Boston remains at the forefront of innovation and has retained its position as the nation’s leading Biotech and Life Sciences hub


The metro area’s favorable business climate continues to lure established biotech, pharmaceutical and medical technology companies, while also nurturing the development of start-ups and early stage firms. Access to elite academic and research institutions, government grants and tax incentives, and top-notch talent have been integral in the success story of Boston’s life sciences industry.

Grant funding through the National Institutes of Health in Massachusetts totaled more than $2.5bn in 2015, the highest since 2012 and behind only California. More recently, the governor’s office earmarked $63.9m for the upcoming fiscal year for the Massachusetts Life Sciences Center to further support the industry’s development. Life Sciences companies based in Boston continue to dominate public- sector fundraising as well. Following a banner year in 2015, which saw 11 Massachusetts-based biotechs raise $870m, the first five months of 2016 have seen five companies raise $316m. This accounts for 36% of the total funds raised by U.S.-based life sciences companies so far this year.

Cambridge-based Intellia Therapeutics had the industry’s second largest IPO in 2016 through May, having raised $108m. Earlier in the year, the company leased 65,000 sq ft of lab space in Mid Cambridge. This represents one of the many examples of the life sciences sector’s robust growth in Boston, which has driven the overall lab vacancy rate in Cambridge to 4.6%, the lowest level since NGKF began tracking the lab space market in 2001. The industry’s resounding growth has pushed lab rents in Cambridge to an unprecedented level. These circumstances have resulted in more office space renovations catering to life sciences tenants, in addition to the out-migration of tenants into the Cambridge periphery and the CBD’s Seaport District, where GE will soon be moving its global headquarters.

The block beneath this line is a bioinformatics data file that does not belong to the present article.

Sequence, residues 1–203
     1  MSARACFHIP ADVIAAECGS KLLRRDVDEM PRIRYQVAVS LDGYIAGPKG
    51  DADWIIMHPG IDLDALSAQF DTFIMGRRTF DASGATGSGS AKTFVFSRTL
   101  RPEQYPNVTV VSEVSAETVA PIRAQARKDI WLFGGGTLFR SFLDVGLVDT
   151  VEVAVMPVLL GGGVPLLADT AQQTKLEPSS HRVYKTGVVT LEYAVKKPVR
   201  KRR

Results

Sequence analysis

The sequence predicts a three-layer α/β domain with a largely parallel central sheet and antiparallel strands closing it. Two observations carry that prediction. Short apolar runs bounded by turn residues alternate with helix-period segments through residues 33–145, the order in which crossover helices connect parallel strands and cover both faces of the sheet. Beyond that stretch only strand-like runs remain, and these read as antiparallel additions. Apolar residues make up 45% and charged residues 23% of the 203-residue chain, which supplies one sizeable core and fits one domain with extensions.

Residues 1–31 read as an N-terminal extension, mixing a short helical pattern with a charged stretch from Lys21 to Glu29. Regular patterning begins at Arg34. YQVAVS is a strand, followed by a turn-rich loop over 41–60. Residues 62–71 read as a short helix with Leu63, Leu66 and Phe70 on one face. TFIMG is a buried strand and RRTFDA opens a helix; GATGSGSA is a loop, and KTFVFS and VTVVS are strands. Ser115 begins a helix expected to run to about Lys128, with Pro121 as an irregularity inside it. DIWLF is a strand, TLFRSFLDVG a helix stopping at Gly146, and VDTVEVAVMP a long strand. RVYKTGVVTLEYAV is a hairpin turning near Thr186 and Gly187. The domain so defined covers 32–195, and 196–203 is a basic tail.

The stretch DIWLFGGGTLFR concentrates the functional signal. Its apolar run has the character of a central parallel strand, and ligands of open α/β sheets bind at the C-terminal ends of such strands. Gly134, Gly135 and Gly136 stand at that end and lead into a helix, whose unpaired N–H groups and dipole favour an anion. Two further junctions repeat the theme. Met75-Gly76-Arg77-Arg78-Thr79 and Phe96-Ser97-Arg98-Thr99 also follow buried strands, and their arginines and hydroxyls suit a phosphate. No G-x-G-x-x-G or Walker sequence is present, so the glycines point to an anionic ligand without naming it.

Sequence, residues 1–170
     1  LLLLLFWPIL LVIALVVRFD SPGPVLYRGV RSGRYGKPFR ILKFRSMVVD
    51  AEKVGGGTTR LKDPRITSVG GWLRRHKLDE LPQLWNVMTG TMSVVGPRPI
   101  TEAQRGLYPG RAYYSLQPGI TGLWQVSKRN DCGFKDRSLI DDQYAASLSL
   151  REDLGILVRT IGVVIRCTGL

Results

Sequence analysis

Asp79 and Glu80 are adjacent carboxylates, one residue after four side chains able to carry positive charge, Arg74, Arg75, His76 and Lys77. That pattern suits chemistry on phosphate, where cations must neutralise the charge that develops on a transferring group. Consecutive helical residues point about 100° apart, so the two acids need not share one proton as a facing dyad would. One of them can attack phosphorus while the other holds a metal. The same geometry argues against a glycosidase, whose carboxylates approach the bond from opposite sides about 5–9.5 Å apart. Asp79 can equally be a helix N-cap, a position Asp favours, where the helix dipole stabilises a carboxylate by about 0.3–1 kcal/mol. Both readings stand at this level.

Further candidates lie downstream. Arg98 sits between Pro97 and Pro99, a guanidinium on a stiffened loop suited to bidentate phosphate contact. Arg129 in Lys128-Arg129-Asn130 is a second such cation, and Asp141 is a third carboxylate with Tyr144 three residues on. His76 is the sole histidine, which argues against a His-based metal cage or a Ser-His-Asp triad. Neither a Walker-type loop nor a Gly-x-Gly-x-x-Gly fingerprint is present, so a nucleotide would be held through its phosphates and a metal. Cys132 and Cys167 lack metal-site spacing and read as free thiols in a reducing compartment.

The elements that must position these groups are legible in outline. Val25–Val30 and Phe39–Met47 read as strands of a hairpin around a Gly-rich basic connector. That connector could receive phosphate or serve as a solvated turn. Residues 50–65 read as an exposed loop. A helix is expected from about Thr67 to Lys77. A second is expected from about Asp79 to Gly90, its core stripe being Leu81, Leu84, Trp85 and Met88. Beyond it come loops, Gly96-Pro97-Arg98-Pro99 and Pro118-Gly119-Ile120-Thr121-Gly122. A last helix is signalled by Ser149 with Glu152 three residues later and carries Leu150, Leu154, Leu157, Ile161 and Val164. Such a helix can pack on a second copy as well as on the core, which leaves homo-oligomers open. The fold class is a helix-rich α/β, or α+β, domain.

Dwindling lab space availability has quickly become the biggest obstacle facing most space users in Boston. Rising real estate costs are also entering the picture, but most of the industry has realized that having access to top- grade lab and research facilities, as well as attracting and retaining talent, are essential in this fast-moving sector. The aforementioned factors will also continue to act as growth catalysts and propel the development of Boston’s life sciences cluster well into the future. 

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